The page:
Develop a modular application – Bases

This is the first post of four posts about modular applications.

I'll try to explain all the things we must think of when we develop a modular application. I'm developing a generic core for modular applications, JTheque. So what I'm saying in this posts are taken from my experience developing this framework.

In this post, i'll start talking of the bases of the conception of modular application. So what's a modular application, a module and what give to the developer and the user to have a modular application ? In the next posts, I'll describe the problems we could found relating to modules and loading. The examples will be in Java, but all the concepts can be applied to every language. I'll not talk about OSGi, this is more an introduction to modular programming without specific framework, but of course, OSGi is a very good solution to modular programming.

Of course, I don't think i'm a professional in modular programming and what I'll say in this post, is nothing else than my point of view. If you think there is better solutions than what I present, don't hesitate to say that in comments.

To start, what's a modular application ? A modular application is made of 2 distinct parts :

The core : Like its name says, this is the central part of the application. This part must be completely independent of the modules.

The modules : It's the dynamic parts we'll add to the application to add features. There is other name for modules : add-ons, plugins and lot of other name, but the concept is the same.

I think there is two types of modular applications. The first type is a normal application who provide several features and give the user the possibility to add functionalities with modules. The second type is an application who has a core without feature. All the features are provided by the modules, so, "All is module".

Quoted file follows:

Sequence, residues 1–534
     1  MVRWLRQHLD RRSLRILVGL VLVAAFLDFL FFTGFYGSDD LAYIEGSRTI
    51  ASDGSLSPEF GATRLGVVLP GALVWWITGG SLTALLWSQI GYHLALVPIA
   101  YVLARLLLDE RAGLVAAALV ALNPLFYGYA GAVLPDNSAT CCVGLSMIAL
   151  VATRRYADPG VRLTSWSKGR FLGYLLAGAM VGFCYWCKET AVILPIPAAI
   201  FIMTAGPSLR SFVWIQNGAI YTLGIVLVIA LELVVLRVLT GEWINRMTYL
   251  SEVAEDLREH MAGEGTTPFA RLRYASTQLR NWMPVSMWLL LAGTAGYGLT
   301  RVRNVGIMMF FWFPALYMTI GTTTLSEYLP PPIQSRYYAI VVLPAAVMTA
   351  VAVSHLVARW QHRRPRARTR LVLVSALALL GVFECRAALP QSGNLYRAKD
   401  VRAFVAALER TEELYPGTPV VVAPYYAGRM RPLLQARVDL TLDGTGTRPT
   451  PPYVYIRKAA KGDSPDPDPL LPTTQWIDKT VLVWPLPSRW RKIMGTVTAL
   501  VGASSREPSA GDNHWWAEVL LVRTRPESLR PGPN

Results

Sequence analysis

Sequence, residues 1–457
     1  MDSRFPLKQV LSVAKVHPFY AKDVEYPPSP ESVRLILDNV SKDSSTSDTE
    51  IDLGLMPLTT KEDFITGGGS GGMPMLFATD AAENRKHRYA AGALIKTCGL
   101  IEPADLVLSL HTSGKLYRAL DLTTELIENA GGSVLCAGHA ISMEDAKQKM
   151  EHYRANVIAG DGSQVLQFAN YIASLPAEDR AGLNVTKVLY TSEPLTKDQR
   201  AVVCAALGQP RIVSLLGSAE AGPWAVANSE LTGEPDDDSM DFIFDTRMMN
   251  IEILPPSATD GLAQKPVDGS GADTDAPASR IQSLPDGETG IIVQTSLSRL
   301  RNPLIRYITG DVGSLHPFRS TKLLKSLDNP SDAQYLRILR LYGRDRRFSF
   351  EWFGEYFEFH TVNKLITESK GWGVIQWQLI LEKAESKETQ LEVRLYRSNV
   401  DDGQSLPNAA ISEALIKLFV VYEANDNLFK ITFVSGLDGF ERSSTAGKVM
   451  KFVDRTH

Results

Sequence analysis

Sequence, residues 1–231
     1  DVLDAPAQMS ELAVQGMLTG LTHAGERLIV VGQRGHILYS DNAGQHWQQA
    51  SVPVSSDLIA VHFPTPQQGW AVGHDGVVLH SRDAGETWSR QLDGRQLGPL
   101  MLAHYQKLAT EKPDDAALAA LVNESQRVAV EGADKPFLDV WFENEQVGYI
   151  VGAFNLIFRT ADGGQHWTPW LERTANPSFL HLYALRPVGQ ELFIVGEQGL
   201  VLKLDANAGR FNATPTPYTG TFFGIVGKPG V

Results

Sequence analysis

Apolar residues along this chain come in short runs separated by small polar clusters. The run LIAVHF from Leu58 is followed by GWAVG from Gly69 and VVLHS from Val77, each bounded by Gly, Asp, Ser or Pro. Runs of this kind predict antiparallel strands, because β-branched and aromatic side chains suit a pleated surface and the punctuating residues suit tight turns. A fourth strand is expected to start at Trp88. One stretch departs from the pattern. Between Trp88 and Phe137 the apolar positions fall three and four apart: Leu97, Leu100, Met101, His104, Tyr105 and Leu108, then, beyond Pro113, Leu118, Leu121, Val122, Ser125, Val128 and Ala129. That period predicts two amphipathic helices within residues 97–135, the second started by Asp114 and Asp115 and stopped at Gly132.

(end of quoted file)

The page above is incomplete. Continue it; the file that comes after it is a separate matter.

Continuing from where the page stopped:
The main difference is that the first type can be used like any other application without modules, but the second one is not useful without modules.

In these two types of applications, you've to define some extension points for the modules. With that extension points, the modules can add features to the application or modify some features.

JTheque is based on the second type. JTheque Core is a simple core to develop modular applications. We can also talk of Eclipse that is a fully modular framework.

Now the question is : that seems good but what the hell does that offer ? First, from the point of view of a developer, this allows to clearly separate the different parts of its application. We've distinct modules easier to maintain than a big applications. It's also easy to add features to applications. And last but not least, you can use the core several times for building different applications. From the point of view of the user, he can choose which modules he want to launch, add new modules and perhaps create some modules if he can. So he can customize applications.

But, that not trivial to make, you've to make a good conceptions and implement it in a clean way. When you do, you find some problmens to solve and a lot of questions to ask. We'll see all the problems and questions in the next post.

Related articles

  • Develop a modular application – The modules
  • Develop a modular application - The loading
  • Develop a modular application – Implementation
  • Develop a modular application with JTheque Core 2.0.3
  • Modular Java – Book Review
  • JTheque is going to OSGi
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